Barbara J. King

Friday Animal Blog

Dogs and the Dreaded Sheldrake Question

February 4, 2011

Last week, I taped a radio show on animals and anthropology with Steve Paulson of Wisconsin Public Radio (I’ll post a link when it airs). A seasoned interviewer, Steve put me at ease in making my points….until he asked The Dreaded Sheldrake Question.

In my most recent book, I climbed out on a thin limb and discussed at some length the research of Rupert Sheldrake, who has a PhD in biochemistry from Cambridge University. Now, you have to understand at the outset how much turbulence this man leaves in his wake. Initially I’d planned to note that he is a “controversial figure,” but then I read this comment on a website discussing Sheldrake, and recognized that it accurately sums up the views of many scientists:

Calling Sheldrake a biologist (or any kind of scientist) is a bit of a stretch. His work on mystic "morphic fields" and other pseudoscience doesn't "spark controversy" any more than Uri Geller's spoon bending does. Yes, Sheldrake has a doctorate in biochemistry, but degrees do not a scientist make; publishing repeatable research in peer reviewed journals does.

Morphic fields? Pseudoscience? What’s all this about?

Sheldrake’s interests and publications are varied. For my purposes, I wanted only to know about the work described in his book Dogs That Know When Their Owners Are Coming Home. Sheldrake claims that dogs and their owners – at least some dogs and their owners-- have a certain mystical connection that allows the animals to intuit when the owners are about to return home from, say, a shopping trip or air travel, in the absence of an external cues. In other words, the dog runs to the door or window and acts with anticipation even though there’s been no telephone call or other communication to anyone in the home—and thus no way that a human could inadvertently have given speech or body-language signs to the dog of the owner’s imminent arrival.

Now, a lot of the so-called evidence that Sheldrake offers for this claim is weak, such as telephone interviews with people who assess their own dogs’ abilities. Further, the invocation of “morphic fields” as some kind of telepathic force between the dog and the owner, in other words a psychic system in play, leaves me cold. Still, there’s Jaytee and Pam Smart to reckon with.

Sheldrake’s team set up two cameras to capture the behavior that a British woman, Pam Smart, had reported about her dog Jaytee. In a series of controlled experiments, Pam was sent off to a nearby location and only once there, told when to leave and begin making her way home. Pam’s movements were filmed by camera #1.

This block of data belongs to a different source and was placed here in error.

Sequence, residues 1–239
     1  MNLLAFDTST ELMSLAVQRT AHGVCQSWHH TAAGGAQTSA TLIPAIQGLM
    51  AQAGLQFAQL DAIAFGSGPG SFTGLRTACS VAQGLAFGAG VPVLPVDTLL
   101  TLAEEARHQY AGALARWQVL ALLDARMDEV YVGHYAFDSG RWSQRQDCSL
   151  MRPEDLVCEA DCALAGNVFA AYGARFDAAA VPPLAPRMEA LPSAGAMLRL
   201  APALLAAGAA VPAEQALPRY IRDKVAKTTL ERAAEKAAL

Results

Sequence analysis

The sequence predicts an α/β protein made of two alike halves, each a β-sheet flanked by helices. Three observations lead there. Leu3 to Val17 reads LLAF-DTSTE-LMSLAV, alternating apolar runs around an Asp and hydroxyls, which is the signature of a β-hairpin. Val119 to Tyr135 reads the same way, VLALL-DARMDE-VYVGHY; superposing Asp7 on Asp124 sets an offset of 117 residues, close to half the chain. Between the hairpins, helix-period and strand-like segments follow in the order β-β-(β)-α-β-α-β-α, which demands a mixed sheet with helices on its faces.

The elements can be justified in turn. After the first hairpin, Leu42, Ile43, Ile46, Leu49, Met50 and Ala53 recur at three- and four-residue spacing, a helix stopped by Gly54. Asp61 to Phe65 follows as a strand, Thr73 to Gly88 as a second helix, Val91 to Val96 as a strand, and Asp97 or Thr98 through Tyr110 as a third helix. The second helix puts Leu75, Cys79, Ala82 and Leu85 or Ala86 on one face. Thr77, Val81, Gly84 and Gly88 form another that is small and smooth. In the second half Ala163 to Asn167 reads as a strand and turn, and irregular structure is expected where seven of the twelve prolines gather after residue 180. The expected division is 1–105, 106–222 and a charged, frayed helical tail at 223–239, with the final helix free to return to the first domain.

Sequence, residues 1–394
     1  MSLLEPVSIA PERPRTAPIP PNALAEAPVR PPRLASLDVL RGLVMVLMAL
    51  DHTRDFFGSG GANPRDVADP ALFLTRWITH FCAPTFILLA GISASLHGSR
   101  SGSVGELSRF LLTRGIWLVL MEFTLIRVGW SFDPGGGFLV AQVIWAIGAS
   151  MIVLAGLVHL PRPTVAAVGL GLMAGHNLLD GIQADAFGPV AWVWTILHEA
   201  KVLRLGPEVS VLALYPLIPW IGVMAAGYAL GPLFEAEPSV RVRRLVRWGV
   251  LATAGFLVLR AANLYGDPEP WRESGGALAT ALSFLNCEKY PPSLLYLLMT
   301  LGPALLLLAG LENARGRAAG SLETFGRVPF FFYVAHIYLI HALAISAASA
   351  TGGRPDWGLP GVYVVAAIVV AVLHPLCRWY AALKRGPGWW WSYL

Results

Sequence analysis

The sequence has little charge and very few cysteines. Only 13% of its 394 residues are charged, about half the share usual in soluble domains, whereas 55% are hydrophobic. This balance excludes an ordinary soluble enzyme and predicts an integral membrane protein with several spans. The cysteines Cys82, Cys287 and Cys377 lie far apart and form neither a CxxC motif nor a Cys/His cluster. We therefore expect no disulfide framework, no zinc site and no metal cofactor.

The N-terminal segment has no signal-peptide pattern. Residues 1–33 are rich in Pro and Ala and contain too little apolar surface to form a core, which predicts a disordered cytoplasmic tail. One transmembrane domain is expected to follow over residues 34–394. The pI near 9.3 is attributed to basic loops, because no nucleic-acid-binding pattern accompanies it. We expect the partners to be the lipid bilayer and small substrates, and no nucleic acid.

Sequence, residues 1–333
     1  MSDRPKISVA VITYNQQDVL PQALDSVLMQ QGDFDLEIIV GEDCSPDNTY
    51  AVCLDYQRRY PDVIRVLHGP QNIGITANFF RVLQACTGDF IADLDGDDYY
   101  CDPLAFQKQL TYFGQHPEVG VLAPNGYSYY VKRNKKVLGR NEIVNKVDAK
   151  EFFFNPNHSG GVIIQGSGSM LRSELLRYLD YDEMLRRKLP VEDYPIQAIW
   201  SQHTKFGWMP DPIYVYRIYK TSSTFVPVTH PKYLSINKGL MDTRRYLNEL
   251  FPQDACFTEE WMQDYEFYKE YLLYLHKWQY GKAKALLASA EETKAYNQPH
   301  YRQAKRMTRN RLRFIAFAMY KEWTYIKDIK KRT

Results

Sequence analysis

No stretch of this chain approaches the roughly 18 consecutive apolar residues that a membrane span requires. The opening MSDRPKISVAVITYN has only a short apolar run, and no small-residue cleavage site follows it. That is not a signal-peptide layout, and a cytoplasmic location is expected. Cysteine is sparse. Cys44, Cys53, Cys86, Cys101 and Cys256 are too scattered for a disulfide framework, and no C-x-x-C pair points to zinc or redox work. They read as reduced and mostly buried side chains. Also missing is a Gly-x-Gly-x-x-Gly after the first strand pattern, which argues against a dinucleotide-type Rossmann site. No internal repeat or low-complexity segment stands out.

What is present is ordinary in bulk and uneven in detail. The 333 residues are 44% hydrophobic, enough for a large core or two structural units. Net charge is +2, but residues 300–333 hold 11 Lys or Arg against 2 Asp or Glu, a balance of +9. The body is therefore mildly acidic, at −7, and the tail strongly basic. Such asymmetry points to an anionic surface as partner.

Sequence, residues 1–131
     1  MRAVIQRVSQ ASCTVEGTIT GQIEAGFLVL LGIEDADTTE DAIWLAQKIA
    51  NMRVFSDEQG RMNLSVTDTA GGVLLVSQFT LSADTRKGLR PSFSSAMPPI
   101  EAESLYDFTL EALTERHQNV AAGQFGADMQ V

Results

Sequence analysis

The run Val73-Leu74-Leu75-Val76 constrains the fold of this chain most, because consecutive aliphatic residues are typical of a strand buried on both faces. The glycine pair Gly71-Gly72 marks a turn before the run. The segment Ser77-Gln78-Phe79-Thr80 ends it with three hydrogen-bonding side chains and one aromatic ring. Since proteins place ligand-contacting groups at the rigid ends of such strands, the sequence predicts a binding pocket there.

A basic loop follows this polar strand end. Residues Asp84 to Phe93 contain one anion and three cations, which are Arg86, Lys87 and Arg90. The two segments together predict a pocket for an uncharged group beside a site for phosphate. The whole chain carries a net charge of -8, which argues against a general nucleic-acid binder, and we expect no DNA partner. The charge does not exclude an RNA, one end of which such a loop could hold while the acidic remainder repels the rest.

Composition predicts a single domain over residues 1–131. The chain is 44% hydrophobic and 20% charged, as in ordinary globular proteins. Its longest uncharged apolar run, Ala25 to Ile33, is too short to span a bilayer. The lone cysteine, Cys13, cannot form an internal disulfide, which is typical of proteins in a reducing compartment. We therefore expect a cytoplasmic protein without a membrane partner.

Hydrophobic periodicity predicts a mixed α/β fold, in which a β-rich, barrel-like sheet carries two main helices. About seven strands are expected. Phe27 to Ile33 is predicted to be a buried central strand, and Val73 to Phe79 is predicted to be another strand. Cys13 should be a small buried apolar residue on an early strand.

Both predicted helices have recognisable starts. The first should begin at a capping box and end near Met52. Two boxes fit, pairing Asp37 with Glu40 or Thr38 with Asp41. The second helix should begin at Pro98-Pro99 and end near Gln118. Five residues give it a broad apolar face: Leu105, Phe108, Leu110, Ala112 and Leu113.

Pam’s parents were back in the home with the dog Jaytee, but Pam only learned at the last minute the time of her departure and communicated nothing to them. Jaytee, then, could not have been cued by them. Yet time and time again—recorded on 30 videotapes over a 2-year span—Jaytee reacts with alertness and excitement as immediately as 11 seconds after Pam is instructed to start for home. We know this from camera #2.

So, when Steve Paulson asked me about Sheldrake’s work, my scientist’s pulse raced. I do want to entertain reasonable skepticism about Sheldrake’s data. One skeptic, psychologist Michael Heap, writes:

Sheldrake also examined Jaytee’s behaviour in the 10-minute interval prior to his owner’s setting off back home. Although I cannot find any reference to his original reason for doing this, logically one would consider this to be a test of the telepathic hypothesis: the dog should not show evidence of any increased tendency for anticipatory behaviour during that interval since the owner is not even aware when she is going to head off back home. In fact there was an increase in duration of time spent at the window during this period over the preceding period of absence, though not as much as after the decision to return home…..

(see more at Heap)

At the same time, I don’t think that Sheldrake’s results are explained away. And, many credible people do report the dog-knowing phenomenon.